Federal Bank Regulators
Federal bank regulators released 298 pages of regulations in October to implement a “Volcker rule” that is supposed to bar banks from engaging in proprietary trading and taking equity positions in private equity and hedge funds.
The regulations are not expected to prevent banks from investing as tax equity participants in renewable energy projects, according to Adam Gale, a bank regulatory lawyer in the Chadbourne New York office.
Gale said the key for a bank participating in a partnership flip transaction is it must have an ownership interest in the operating company itself or in a parent holding company whose only assets are majority interests in operating companies. It is important that the bank’s investment be in an operating company as opposed to a “covered fund.” If the bank were to invest in an intermediate entity that is not the operating company (or is not a parent holding company whose sole asset is a majority interest in an operating company), then “the intermediate entity would probably fall within the definition of a ‘covered fund,’ and the Volcker rule general prohibition against bank investments in covered funds would apply,” Gale said.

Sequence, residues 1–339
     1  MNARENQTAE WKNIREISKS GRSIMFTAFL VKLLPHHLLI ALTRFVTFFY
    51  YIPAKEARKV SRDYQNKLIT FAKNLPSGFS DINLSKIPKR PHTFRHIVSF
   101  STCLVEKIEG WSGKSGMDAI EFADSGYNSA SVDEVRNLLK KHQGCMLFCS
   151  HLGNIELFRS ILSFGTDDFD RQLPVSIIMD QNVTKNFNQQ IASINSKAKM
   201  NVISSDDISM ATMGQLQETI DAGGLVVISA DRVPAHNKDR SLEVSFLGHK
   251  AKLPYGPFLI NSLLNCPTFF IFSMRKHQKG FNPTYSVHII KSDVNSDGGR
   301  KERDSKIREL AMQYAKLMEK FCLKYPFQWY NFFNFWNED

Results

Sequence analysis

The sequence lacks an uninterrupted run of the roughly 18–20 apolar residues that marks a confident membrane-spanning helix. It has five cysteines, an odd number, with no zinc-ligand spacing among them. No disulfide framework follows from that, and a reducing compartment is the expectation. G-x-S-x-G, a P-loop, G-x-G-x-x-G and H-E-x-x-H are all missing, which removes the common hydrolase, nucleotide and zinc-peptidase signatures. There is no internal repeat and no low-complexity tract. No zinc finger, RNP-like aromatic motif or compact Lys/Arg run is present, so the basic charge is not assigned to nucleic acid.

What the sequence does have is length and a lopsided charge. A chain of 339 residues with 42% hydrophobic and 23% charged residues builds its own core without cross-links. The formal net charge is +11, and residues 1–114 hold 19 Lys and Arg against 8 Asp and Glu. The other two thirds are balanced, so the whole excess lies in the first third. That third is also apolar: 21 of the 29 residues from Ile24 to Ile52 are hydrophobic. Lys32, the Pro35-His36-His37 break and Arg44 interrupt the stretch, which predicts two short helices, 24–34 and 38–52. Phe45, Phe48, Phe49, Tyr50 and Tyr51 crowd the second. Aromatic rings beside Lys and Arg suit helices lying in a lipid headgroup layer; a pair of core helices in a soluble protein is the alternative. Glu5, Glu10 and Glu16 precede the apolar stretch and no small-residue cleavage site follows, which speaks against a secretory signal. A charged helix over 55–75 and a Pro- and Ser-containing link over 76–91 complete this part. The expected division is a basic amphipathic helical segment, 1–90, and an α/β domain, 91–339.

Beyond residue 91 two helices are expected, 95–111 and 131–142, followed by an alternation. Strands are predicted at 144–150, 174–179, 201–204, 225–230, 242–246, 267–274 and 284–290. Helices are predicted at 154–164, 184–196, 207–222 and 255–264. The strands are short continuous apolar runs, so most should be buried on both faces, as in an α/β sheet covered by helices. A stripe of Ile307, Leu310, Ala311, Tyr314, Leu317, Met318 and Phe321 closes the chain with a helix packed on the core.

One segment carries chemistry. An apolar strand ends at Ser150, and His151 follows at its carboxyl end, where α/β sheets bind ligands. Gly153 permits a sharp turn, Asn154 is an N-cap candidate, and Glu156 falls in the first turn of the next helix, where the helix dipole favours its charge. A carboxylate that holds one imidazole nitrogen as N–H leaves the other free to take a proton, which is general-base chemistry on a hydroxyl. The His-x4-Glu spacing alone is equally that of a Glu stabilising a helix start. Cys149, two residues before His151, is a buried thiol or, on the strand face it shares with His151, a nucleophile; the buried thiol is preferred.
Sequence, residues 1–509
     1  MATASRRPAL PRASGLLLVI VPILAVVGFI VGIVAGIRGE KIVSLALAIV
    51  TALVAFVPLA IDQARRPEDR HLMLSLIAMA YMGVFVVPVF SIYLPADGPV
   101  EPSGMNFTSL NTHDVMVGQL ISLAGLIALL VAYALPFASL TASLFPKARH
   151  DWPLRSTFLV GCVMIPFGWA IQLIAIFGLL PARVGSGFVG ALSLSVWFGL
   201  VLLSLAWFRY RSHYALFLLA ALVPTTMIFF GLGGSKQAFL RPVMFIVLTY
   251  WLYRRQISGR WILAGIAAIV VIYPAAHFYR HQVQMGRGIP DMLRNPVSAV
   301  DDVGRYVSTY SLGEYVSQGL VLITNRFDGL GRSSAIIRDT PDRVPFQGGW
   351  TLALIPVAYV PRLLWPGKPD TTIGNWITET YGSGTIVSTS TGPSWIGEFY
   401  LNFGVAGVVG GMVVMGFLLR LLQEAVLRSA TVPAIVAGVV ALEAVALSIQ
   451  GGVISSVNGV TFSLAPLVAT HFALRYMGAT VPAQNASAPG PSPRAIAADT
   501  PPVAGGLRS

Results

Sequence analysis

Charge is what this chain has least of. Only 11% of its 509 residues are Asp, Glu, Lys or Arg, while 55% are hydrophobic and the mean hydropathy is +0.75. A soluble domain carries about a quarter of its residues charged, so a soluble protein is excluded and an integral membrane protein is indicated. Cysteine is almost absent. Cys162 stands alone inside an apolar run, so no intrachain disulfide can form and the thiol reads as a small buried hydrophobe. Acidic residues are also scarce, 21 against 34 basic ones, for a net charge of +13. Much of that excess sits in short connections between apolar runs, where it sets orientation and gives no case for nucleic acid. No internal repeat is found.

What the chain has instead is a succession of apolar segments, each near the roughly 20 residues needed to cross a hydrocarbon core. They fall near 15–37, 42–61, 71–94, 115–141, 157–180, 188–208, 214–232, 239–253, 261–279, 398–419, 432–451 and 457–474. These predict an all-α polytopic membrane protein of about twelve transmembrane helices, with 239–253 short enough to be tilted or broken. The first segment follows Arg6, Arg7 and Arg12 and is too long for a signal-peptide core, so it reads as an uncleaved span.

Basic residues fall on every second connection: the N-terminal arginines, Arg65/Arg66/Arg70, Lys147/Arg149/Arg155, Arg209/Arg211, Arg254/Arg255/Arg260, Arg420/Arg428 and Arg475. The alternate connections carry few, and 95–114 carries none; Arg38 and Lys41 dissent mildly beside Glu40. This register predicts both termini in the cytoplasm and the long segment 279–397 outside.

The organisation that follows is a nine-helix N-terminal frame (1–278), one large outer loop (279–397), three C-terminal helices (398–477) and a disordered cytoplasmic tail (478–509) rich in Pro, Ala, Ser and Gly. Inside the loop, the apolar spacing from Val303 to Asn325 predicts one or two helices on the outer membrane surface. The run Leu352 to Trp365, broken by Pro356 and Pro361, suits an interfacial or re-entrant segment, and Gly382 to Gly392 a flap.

Proprietary trading, which is also banned, is defined in the new regulations as short-term trading, meaning investing in positions held fewer than 60 days. If a bank makes a tax equity investment with the intention of selling all or part of the investment within 60 days, then it is possible that the investment could be considered proprietary trading.